The mixed-use Town Center Development Plan envisions a new approach to downtown Mount Rainier, Md., a historic community near Washington, D.C. The plan, which will be phased in with construction due to start next year, encompasses a pedestrian-oriented town center with a special focus on the city’s artistic, historic, and environmental traditions.
This New Urbanist vision articulates multilayered ideas including a grand boulevard and a traditional main street; vehicular, bike, and pedestrian improvements; modern and architectural design styles; and design guidance for civic, residential, and commercial buildings. The design by Washington, D.C.–based Cunningham l Quill Architects includes a community green space in front of City Hall and the public library designed to replace an uninviting bus turnaround area.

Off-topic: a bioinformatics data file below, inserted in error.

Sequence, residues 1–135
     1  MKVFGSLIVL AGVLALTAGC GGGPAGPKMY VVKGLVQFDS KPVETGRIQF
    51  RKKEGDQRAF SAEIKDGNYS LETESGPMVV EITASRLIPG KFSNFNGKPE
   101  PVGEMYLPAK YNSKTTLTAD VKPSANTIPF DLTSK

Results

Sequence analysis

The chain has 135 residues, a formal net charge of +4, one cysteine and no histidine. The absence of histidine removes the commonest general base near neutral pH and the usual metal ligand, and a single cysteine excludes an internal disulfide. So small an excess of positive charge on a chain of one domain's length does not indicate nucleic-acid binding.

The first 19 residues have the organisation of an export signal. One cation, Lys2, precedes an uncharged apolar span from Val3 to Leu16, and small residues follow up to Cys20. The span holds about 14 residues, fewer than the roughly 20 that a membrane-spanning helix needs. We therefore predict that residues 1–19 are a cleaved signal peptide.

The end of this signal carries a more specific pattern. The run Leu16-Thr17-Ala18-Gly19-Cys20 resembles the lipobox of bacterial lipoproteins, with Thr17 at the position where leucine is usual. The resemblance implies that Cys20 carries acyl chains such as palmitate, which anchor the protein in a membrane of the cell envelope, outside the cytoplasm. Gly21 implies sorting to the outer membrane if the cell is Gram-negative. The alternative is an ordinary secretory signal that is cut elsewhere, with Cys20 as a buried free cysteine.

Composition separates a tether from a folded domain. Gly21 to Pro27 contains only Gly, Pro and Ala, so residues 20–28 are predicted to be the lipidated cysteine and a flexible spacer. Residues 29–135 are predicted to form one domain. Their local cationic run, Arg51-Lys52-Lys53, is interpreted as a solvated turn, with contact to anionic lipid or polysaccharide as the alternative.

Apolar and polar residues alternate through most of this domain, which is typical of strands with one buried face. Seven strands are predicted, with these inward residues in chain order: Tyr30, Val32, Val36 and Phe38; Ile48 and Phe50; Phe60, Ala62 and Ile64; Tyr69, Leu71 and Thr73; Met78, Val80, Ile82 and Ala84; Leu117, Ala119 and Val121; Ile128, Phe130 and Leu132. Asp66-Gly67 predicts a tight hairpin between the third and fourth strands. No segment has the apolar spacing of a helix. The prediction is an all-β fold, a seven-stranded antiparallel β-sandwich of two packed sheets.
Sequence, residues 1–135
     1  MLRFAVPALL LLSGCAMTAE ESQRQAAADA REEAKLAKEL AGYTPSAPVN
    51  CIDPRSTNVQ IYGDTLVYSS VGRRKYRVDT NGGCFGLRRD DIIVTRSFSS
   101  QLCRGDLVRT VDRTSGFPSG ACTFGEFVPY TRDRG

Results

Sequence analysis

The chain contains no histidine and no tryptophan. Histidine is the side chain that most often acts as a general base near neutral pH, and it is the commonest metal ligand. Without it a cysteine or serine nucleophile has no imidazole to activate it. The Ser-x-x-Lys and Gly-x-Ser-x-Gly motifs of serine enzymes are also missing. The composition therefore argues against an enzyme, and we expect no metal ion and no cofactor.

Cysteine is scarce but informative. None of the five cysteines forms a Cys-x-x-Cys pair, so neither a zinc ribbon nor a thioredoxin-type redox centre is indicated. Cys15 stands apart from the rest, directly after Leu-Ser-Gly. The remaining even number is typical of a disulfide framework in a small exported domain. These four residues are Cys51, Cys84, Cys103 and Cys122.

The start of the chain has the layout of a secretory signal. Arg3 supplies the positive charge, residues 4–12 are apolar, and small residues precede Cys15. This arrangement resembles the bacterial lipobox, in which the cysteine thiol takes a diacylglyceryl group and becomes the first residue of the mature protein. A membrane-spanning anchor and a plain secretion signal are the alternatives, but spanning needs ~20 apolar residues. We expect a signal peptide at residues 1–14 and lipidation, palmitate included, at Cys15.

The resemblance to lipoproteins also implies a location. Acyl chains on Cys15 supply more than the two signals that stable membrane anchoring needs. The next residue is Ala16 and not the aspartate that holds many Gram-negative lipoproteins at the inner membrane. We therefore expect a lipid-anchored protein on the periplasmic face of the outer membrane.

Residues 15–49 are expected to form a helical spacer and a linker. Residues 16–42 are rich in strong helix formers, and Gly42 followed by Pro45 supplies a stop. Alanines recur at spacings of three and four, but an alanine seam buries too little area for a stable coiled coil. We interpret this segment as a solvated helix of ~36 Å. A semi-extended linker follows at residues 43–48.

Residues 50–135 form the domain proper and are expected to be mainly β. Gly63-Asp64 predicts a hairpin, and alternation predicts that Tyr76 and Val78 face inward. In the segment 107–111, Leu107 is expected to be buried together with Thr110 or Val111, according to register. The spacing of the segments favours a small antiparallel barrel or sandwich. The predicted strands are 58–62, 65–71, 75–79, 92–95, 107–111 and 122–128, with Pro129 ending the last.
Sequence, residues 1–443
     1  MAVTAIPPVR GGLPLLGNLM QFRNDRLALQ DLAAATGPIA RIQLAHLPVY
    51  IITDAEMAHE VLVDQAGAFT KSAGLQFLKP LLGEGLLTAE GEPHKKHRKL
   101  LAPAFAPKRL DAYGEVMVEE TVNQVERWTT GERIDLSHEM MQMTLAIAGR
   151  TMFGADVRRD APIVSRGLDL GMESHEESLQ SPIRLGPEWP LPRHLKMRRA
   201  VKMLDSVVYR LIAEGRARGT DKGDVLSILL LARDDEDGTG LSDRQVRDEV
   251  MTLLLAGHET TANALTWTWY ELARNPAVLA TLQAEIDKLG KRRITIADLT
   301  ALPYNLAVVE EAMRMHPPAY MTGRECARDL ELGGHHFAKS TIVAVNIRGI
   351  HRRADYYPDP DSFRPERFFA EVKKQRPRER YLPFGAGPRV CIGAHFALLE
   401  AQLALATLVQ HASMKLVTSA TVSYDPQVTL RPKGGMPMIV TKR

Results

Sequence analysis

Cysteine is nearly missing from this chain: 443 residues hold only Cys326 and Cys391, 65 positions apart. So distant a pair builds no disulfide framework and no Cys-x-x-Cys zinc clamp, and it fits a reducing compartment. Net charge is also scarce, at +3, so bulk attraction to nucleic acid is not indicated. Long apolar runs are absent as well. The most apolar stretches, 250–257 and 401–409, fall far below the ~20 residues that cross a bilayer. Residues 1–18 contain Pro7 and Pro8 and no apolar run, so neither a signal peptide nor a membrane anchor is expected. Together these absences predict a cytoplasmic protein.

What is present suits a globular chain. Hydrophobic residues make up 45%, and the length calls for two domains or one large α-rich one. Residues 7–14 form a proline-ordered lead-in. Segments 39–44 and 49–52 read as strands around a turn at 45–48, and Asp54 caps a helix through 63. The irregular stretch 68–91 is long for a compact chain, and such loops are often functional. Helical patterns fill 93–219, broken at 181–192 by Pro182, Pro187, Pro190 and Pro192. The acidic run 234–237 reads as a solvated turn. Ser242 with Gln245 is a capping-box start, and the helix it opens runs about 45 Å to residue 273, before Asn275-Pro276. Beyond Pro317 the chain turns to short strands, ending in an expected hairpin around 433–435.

The program also reimagines the area’s commercial corridor as a revitalized, neighborhood-serving Main Street with smaller-scaled buildings, pedestrian-friendly signage, attractive and simple fenestration, colorful awnings, porches, and outdoor seating. The judges agreed that the upgrades will serve the community well, saying they will “breathe new life into the neighborhood.”
One of the most critical components of Mount Rainier’s sustainable development plan was its open and inclusive public participation process, says architect Lee Quill. Civic leaders, artists, business and property owners, and residents attended seven community meetings, including a hands-on charrette design session. There, participants discussed ideas and concerns about a range of issues including transportation, land use, streetscape, infill opportunities, and historic preservation. Following the meetings, the ideas were integrated into the initial design sketches. “The community was an active participant and shaper of the plan,” Quill says.